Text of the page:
Interesting DNA, RNA research you might have missed
September 13, 2007
Other Interests | Science

There is much happening in genetics it's hard to know where to start listing the highlights. Here are some of the more interesting items I've come across recently:

Did DNA replication evolve twice independently?
by Leipe DD, Aravind L, Koonin EV. in Nucleic Acids Res. 1999 Sep 1;27(17):3389-401.

DNA replication is central to all extant cellular organisms. principal proteins involved in transcription and translation, which are highly conserved in all divisions of life. We performed detailed sequence comparisons of the proteins that fulfill indispensable functions in DNA replication and classified them.

Ads by Google

Posted by ellen at September 13, 2007 07:58 AM

The universal conservation of some components of the DNA replication machinery and enzymes for DNA precursor biosynthesis but not the principal DNA polymerases [an enzyme that assists in DNA replication.] suggests that the last common ancestor (LCA) of all modern cellular life forms possessed DNA but did not replicate it the way extant cells do. We propose that the LCA had a genetic system that contained both RNA and DNA, with the latter being produced by reverse transcription. Consequently, the modern-type system for double-stranded DNA replication likely evolved independently in the bacterial and archaeal/eukaryotic lineages.

Artificial synthesis of a virus:

Cell-free, de novo synthesis of poliovirus

A Molla, AV Paul, and E Wimmer"

Cell-free translation of poliovirus RNA in an extract of uninfected human (HeLa) cells yielded viral proteins through proteolysis of the polyprotein.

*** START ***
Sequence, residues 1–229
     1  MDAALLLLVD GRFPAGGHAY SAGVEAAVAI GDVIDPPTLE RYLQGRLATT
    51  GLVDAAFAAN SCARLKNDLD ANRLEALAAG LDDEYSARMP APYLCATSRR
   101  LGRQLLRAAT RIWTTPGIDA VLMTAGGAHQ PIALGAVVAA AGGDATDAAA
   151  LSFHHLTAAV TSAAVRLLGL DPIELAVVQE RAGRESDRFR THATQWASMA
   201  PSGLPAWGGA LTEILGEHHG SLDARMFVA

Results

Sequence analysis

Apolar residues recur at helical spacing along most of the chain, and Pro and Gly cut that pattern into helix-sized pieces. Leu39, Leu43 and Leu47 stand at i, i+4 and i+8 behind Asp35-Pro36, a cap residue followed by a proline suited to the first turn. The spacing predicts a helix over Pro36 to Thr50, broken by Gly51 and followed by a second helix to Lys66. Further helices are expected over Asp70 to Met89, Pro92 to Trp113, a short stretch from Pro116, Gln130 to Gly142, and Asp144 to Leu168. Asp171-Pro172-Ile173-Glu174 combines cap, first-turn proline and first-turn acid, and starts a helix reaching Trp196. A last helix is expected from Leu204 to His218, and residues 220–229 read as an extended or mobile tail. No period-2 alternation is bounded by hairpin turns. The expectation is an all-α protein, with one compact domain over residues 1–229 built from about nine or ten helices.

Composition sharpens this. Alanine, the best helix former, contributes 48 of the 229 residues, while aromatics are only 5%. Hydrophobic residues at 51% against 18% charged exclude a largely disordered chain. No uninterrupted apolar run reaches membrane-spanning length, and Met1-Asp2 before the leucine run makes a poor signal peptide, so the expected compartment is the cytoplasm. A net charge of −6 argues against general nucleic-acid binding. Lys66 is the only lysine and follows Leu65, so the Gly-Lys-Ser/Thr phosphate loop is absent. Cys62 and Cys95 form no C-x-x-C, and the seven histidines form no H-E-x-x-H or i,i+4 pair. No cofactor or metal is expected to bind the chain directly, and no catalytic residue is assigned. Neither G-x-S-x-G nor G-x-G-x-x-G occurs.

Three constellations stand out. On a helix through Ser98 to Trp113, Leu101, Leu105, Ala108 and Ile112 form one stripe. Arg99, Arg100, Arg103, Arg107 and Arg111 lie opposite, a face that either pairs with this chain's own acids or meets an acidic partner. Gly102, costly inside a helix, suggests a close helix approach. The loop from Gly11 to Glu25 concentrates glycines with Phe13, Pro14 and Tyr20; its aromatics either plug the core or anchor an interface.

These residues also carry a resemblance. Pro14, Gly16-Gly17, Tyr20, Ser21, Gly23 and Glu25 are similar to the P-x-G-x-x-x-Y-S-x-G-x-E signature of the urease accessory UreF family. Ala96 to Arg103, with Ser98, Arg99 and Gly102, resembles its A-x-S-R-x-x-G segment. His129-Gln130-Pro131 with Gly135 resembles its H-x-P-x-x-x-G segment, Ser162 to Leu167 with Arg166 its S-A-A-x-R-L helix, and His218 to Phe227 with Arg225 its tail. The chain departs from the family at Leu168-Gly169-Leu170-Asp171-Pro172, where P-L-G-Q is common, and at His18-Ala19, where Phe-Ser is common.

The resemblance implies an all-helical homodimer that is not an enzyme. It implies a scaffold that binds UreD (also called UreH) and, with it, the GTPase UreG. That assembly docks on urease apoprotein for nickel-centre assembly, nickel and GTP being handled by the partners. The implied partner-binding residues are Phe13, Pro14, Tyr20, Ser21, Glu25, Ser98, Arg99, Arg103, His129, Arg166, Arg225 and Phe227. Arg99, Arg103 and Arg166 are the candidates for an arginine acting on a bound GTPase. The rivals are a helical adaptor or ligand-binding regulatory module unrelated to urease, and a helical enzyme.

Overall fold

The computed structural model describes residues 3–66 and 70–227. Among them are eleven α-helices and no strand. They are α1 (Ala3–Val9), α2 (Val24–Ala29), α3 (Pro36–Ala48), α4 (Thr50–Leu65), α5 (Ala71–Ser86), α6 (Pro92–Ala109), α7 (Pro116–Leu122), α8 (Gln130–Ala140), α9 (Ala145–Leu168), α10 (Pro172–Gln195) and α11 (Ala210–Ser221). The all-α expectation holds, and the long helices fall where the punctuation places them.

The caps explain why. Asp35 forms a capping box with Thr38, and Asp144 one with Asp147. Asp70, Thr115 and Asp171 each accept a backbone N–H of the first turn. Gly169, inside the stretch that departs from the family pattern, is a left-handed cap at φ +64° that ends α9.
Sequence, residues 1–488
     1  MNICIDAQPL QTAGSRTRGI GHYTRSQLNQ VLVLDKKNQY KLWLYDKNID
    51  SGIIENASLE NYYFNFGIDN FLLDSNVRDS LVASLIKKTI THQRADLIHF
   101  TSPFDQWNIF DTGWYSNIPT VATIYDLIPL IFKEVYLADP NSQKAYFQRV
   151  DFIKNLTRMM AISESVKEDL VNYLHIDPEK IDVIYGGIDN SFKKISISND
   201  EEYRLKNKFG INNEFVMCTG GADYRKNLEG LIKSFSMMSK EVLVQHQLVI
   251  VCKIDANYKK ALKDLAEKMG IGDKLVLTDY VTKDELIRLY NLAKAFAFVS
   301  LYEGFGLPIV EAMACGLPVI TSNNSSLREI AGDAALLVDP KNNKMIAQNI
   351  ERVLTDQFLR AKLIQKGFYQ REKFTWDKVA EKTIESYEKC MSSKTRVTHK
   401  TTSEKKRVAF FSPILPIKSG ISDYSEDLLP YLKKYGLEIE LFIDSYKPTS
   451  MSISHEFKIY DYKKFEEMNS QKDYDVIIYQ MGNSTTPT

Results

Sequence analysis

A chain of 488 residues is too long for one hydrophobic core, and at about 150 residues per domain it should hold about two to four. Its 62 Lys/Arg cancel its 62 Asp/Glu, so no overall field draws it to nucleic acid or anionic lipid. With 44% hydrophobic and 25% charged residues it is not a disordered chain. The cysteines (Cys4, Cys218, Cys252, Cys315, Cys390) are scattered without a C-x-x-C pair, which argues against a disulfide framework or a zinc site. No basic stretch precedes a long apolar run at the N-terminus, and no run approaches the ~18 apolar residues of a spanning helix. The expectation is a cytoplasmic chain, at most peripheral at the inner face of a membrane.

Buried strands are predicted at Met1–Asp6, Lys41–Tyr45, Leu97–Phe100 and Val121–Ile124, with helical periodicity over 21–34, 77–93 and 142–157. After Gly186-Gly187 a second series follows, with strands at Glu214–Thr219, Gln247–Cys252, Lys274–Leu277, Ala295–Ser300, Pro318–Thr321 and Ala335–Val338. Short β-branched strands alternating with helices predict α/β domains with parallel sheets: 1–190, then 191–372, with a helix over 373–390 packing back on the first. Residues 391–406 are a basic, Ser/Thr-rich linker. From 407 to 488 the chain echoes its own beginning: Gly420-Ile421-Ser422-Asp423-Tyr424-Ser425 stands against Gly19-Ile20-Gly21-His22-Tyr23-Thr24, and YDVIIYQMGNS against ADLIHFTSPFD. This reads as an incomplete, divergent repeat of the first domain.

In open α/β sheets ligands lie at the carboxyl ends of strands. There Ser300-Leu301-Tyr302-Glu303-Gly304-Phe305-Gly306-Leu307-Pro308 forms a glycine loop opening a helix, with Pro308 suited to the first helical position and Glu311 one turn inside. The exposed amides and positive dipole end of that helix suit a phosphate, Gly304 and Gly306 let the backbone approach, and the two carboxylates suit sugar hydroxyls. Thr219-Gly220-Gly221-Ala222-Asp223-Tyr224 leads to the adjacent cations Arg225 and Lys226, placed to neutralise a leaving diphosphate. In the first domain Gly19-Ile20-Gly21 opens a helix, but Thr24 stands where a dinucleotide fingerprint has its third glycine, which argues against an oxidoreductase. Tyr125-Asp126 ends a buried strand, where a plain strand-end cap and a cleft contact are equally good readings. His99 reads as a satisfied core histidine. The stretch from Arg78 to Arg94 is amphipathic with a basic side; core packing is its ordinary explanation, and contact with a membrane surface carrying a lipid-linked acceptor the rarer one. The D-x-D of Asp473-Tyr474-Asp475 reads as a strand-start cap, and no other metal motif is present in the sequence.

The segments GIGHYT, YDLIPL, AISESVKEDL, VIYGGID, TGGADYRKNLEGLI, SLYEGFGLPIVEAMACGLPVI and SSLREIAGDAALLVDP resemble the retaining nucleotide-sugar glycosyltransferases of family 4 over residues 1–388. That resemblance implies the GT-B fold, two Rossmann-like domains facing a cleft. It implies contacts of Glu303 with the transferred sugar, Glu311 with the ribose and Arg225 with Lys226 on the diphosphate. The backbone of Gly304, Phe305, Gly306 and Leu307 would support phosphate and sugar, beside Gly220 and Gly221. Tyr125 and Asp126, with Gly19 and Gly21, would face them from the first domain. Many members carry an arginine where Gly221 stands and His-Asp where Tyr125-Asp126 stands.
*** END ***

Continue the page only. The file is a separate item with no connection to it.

The origin of viruses and their possible roles in major evolutionary transitions

Virus Research Volume 117, Issue 1, April 2006, Pages 5-16

Comparative Genomics and Evolution of Complex Viruses

Patrick Forterre

Ancient virus resistance came at modern cost: Science Snapshot

by Dan Vergano

The key difference seems to be a protein called TRIM5-alpha, variations of which are expressed by the genes of humans, apes and monkeys. "Each primate species encodes a TRIM5-alpha with a different antiviral specificity," write the study authors. "For example, TRIM5-alpha encoded by rhesus macaques renders them resistant to infection by HIV-1, but human TRIM5-alpha affords no such protection." The human variant of TRIM5-alpha knocks the stuffing out of PtERV1, the researchers found, after dosing the resurrected retrovirus core with the protein. Just one problem. TRIM5-alpha can either restrict PtERV1 or HIV, but not both, the team finds, after looking at the disease in apes and monkeys. The mutation needed to cancel out one disease robs it of the ability to combat the other. So, the authors conclude, the human body is still primed to protect itself from a virus that has long been extinct, safeguards that have opened the door to the deadly impact of HIV.
Ads by Google

Ads by Google

 RSS   |   Contact Me

Ads by Google